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December 13, 2013
Purdue returns to action following final exams with one of its marquee games of the non-conference season at the Crossroads Classic, where the Boilermakers will face Butler in Bankers Life Fieldhouse, the 6 p.m. nightcap that'll follow the Indiana-Notre Dame game.
About Purdue:: Roster | Schedule/Results | Stats
Projected starters (last game): C - Jay Simpson; F - Kendall Stephens; F- Basil Smotherman; G - Ronnie Johnson; G - Terone Johnson
About Butler:: Roster | Schedule/Results | Stats
Broadcast info:: Radio: Purdue Sports Network | TV: BTN | LIVE: Join GoldandBlack.com tonight for our 30-minute pre-game 'Game Day Live' chat session, then our Twitter account, @GoldandBlackcom, for in-game updates.
In its first-year after new coach Brandon Miller replaced Brad Stevens and playing without injured top returning scorer Roosevelt Jones, the Bulldogs are winning, per usual, off to an 8-2 start in which they've looked good even in defeat. At the Old Spice Classic in Florida - Purdue and Butler shared a charter flight back from Orlando, by the way, Miller's team was just 1-2, but the losses were a narrow one to then-fifth-ranked Oklahoma State and an overtime setback to a good LSU team.
Butler has weapons going into first season in the Big East, notably forward Khyle Marshall and sharp-shooter and scorer Kellen Dunham.
Dunham's averaging nearly 19 points per game and shooting just under 48 percent from three-point range; he's not far off from being considered one of college basketball's elite shooters if he's not already.
Marshall, a 6-foot-6 forward who's a difficult matchup for bigger forwards in particular, is averaging 17 per game.
"Just like anybody who plays Butler, you have to be able to stop Khyle Marshall and Kellen Dunham," Purdue coach Matt Painter said. "Those guys are very good players and have proven they can score 30 on any given night vs. quality opponents. But if you give them too much attention the other guys will step up and hurt you. They have a good supporting cast of guys who just play their roles, and that's what it's about, really making sure you respect everybody else on their team."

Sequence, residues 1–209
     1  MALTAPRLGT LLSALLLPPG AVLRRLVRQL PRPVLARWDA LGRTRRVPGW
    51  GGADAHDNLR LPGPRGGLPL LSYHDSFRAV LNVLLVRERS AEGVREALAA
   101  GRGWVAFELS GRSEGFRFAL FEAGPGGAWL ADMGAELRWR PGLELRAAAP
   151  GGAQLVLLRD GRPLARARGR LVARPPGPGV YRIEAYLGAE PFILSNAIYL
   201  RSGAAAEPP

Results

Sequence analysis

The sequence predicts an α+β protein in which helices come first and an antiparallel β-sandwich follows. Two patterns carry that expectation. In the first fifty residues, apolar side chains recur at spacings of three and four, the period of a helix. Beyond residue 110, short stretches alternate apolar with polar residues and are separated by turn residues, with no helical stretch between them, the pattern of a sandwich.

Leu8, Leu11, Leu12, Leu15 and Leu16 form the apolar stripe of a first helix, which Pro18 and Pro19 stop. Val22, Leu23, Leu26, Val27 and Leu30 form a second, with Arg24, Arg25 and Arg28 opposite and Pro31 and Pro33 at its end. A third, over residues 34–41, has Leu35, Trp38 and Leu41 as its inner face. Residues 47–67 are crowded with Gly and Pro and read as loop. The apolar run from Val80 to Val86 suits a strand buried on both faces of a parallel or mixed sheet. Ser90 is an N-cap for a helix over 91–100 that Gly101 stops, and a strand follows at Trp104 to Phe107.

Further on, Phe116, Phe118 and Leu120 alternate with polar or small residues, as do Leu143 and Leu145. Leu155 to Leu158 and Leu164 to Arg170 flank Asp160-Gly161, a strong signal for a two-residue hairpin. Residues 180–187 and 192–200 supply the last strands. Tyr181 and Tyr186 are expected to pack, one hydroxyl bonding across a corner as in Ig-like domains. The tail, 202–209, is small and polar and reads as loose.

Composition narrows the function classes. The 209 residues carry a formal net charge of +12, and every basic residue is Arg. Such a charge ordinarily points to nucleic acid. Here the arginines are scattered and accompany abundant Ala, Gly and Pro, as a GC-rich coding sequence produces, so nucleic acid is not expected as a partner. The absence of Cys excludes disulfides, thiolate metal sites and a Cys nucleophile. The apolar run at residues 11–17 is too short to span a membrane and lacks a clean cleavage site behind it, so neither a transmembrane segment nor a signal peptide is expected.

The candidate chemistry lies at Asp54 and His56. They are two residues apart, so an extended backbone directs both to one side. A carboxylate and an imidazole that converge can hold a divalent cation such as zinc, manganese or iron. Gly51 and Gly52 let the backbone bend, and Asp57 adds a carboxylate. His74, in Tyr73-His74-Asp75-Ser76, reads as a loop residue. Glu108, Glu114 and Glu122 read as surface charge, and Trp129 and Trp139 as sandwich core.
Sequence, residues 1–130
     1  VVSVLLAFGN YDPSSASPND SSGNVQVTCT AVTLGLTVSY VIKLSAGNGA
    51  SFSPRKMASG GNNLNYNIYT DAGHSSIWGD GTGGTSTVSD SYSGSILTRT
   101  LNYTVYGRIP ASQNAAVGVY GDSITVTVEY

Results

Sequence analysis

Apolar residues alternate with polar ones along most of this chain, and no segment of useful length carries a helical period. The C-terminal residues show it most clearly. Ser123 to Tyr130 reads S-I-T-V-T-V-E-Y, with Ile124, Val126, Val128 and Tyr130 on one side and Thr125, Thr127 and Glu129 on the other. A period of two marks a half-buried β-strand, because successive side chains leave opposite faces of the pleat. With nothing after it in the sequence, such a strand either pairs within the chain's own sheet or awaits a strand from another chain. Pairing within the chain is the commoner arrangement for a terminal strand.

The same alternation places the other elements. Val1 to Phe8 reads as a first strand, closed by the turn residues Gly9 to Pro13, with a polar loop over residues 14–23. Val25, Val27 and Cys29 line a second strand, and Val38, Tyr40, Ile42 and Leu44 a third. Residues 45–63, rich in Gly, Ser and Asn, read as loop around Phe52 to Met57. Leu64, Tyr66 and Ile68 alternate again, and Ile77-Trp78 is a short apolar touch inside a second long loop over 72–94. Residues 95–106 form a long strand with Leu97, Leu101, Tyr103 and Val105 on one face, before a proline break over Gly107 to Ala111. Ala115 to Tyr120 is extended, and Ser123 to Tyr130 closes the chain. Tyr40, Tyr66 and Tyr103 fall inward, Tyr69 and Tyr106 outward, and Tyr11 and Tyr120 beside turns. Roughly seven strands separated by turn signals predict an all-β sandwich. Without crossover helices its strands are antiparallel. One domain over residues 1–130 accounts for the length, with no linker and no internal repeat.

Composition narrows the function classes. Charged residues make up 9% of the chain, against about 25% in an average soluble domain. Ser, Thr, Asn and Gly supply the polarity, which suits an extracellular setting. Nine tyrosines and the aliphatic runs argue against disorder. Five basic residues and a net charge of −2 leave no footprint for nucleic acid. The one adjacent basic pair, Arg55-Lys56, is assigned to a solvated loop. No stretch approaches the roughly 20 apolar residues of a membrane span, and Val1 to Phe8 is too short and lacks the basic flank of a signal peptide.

Purdue will have a significant size advantage on the interior, but one Painter worries Butler can offset - if not exploit - with its skill in the frontcourt, with front-liners who can step out and shoot.
But more than anything, any team that plays Butler will see its ability to simply play good, solid basketball tested. Purdue has remained a moving target on that front, though there were some signs of progress in wins over Boston College and Eastern Michigan.
"It comes down to not beating yourself," Painter said. "What worries me about that is it's really been a staple of Butler's play through the years, no matter who the coach was. They don't beat themselves."
Butler has been a very good rebounding team and has turned the ball over an average of just nine times per game.
"We have to limit our mistakes and match their intensity," Purdue senior Terone Johnson said. "They play really hard throughout the whole game, something we're going to have to do."
Painter is most interested to see how his team handles itself on offense, it would seem.